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I always knew of Sheikh Jarrah, a Palestinian neighborhood in East Jerusalem, as my father would drive through it, taking a shortcut on the way to the Hebrew University, located on a hillside above it. But we never stopped, as we had no reason to.

There were about 30 of us, Palestinians and Israelis who, one day toward the end of 2008, gathered on a roundabout in the middle of Talbiyeh neighborhood in West Jerusalem, once the home of hundreds of Palestinians who were forbidden from returning to it after the 1948 war. The bored Jewish residents of Talbiyeh looked at us oddly as we erected a tent in the middle of the roundabout.

"What is this?" someone asked.

"We are protesting the eviction of a Palestinian family from Sheikh Jarrah."

"Why here?"

"Because this family, the old woman standing here, was evicted from Sheikh Jarrah on the claim that the land on which she lived belonged to Jews before 1948, so the Palestinian family is here to claim what was theirs before 1948, their house here in Talbiyeh."

The Story of Sheikh Jarrah

This is the story of Sheikh Jarrah: 28 families of Palestinian refugees who used to own land in what is now Israel, and were expelled from that land in the 1948 war. Twenty-eight eviction orders from Israeli courts claiming the houses these families now live in were built on land owned by Jews before 1948. Four families were evicted from their houses in the past two years; four settler families moved in in their place. Three protest tents were erected by Palestinians in front of what used to be their homes and were demolished by the Jerusalem municipality; they were re-erected and demolished and re-erected and demolished all over again. One tent still stands. An entire Palestinian community living with daily harassment by settlers and the Israeli police. Twenty-four families living with the knowledge that they could be next.

After two evictions in the summer of 2009 we held a vigil of about 200 people in front of the evicted houses, holding candles, chanting slogans, standing together, the Palestinian residents and the Israeli activists who had come to know the residents personally after spending night after night in houses that were under threat of eviction, hoping to stop it. Nevertheless, all evictions were carried out, and we stood there, helpless.

After the next eviction a few months later, we held a meeting to see what, if anything, could be done. How could we make people listen, force them to know what is going on, a mere 10 minutes from their homes on the other side of the city?

We decided to march every Friday from the bustling, lively city center of West Jerusalem to the depressing reality of Sheikh Jarrah. We made the first march with three drums, 10 signs and barely 30 people. The following week there were 40, and the next 50, and the next 100. We were arrested and dragged out of the neighborhood. The Palestinian activists were interrogated, threatened and arrested randomly. And yet, we kept coming, marching into the neighborhood, making headlines and showing that injustice such as this cannot be ignored and that we cannot be silenced.

Three hundred people now gather every week in Sheikh Jarrah, under the Mediterranean sun or in the rainy Jerusalem winter, chanting to the sound of 20 beating drums: "Free Sheikh Jarrah." Members of the Knesset (the Israeli parliament) have joined; so too have poets, authors, scholars, Palestinians and Israelis as one. In white letters on black T-shirts across our chests is written: "There is nothing holy in an occupied city." Four thousand of us gathered for a mass rally one Saturday night in March. Palestinians from East Jerusalem and from inside Israel, Jews from all over Israel and international activists all stood together. And the Israeli society could no longer ignore it: Something big was happening in Sheikh Jarrah - a great injustice, but also a great and unified call for a nonviolent yet relentless struggle against the occupation.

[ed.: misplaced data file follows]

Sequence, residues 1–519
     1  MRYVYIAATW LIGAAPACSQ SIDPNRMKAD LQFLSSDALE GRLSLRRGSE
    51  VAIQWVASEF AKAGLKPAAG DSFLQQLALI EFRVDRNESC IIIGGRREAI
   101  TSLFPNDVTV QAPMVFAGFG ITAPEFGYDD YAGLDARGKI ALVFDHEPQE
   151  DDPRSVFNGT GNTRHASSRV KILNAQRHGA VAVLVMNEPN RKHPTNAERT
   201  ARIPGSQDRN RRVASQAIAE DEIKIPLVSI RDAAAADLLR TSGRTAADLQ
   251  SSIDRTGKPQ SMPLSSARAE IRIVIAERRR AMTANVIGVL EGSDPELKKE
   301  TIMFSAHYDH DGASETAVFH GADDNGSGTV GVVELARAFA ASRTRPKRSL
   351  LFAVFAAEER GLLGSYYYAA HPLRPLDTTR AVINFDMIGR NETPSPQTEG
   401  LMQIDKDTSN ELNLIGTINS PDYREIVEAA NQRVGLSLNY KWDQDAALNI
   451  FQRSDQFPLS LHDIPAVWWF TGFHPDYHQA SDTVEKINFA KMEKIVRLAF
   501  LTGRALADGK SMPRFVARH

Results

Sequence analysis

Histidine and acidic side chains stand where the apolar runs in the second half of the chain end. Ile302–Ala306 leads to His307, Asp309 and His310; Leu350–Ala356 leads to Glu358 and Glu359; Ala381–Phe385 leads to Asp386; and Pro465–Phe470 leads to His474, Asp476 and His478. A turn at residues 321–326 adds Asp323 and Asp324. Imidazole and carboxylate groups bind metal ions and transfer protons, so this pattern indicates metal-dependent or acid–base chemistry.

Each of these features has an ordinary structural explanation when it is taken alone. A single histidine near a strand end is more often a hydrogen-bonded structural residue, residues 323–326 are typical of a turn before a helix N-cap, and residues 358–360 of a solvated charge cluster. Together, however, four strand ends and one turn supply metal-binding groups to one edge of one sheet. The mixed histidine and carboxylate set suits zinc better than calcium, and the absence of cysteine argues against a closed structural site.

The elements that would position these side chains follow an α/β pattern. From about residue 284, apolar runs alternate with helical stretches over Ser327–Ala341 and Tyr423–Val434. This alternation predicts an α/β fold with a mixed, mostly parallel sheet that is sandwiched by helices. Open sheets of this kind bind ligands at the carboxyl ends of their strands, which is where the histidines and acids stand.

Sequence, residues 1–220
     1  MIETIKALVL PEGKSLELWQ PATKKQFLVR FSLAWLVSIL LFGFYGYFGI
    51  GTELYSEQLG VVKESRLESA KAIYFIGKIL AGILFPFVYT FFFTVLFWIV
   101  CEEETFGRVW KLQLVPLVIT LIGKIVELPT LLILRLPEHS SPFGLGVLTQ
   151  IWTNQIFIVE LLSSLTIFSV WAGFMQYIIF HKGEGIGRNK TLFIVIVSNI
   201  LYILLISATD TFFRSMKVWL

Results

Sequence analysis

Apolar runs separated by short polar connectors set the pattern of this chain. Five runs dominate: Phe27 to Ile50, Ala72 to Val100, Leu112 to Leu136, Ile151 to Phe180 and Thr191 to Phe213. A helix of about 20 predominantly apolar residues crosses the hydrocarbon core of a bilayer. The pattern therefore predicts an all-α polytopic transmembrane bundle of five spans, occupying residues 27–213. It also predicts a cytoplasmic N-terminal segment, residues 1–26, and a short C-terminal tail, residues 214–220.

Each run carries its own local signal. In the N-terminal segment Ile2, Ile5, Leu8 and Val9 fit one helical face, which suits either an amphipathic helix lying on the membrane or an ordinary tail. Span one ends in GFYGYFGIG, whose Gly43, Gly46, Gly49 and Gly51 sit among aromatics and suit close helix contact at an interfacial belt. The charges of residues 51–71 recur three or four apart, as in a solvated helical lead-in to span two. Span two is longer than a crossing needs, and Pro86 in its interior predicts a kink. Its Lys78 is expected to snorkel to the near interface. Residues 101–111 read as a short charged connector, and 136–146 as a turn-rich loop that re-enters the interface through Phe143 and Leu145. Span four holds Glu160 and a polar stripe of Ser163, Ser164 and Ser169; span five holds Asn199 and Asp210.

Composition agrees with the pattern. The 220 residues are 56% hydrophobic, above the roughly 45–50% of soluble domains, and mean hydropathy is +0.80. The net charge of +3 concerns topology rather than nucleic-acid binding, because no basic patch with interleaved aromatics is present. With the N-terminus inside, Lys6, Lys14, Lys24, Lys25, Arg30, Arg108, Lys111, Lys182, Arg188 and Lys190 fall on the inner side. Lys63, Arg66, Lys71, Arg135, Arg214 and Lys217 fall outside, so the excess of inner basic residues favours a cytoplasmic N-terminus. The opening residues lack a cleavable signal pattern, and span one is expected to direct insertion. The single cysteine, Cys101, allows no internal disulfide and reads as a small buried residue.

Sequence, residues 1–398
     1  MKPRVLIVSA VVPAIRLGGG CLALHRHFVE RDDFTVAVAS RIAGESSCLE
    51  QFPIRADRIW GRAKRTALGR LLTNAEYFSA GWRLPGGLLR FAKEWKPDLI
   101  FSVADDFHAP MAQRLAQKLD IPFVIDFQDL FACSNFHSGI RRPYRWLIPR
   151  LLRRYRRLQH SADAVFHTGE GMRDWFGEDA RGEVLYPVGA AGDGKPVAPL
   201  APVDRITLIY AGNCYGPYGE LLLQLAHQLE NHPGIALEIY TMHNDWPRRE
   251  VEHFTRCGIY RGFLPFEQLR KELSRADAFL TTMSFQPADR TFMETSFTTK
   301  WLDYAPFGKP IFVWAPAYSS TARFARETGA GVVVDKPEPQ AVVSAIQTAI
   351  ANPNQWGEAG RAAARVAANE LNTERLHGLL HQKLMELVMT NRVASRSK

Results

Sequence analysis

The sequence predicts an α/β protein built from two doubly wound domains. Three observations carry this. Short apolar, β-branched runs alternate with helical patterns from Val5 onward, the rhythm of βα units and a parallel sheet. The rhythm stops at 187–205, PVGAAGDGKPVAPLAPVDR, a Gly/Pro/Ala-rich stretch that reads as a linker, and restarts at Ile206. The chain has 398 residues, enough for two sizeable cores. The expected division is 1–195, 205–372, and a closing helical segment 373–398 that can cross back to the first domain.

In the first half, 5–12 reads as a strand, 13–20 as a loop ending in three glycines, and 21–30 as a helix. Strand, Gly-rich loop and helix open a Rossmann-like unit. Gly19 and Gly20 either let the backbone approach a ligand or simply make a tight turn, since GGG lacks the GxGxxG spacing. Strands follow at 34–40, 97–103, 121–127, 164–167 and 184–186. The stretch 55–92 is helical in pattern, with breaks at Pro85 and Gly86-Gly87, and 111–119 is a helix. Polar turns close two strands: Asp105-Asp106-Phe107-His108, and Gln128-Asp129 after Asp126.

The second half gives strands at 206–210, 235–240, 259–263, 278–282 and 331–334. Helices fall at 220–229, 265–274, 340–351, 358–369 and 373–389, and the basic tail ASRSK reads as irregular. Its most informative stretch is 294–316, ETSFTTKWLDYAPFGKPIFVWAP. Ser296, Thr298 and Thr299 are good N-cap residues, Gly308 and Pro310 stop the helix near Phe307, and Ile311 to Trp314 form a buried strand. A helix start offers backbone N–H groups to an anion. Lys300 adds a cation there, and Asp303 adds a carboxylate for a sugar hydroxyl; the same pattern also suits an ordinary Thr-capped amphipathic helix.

This Is a Struggle for the Future

I wish I could say that these demonstrations have the power to return the Ghawi family to their home. I wish I could tell the children of the Hannoun family that soon they will be able to return to their old rooms. I wish I could promise the little girl who wondered aloud how a settler can sleep tight in her bed that soon she will be able to sleep again in her bed. But I cannot. This is a struggle for the future. It is about what might happen next.

This struggle might have the capacity to mobilize enough people not to give up a fight before the next eviction, to resist the next eviction, nonviolently but as stubbornly and fearlessly as possible. A hundred of us could get arrested if that new eviction materializes and another family gets evicted in the end, but we will not let it pass silently. We can only hope that the brutal forces in power will take this into account and will desist from attempting another eviction.

It is a struggle not only for the houses in Sheikh Jarrah; it is a part of the anti-occupation movement. It is a young, energetic struggle led by people who have not lost hope and believe that the occupation will end - as it must. It is a joint struggle of Palestinians and Israelis saying that we refuse to be enemies; we refuse to be a part of the separation system forced upon us by the Israeli government; we refuse to play by the unjust laws that are no laws at all.

We still stand in Sheikh Jarrah every week, demanding to enter the neighborhood and to protest against injustice. We are denied entry, and we are detained, beaten and arrested, but still we come again. We stand together on Muslim holidays and Jewish holidays, celebrating together. We stand together in the face of settler and police violence, furious together. We stand in solidarity, fighting injustice, together.


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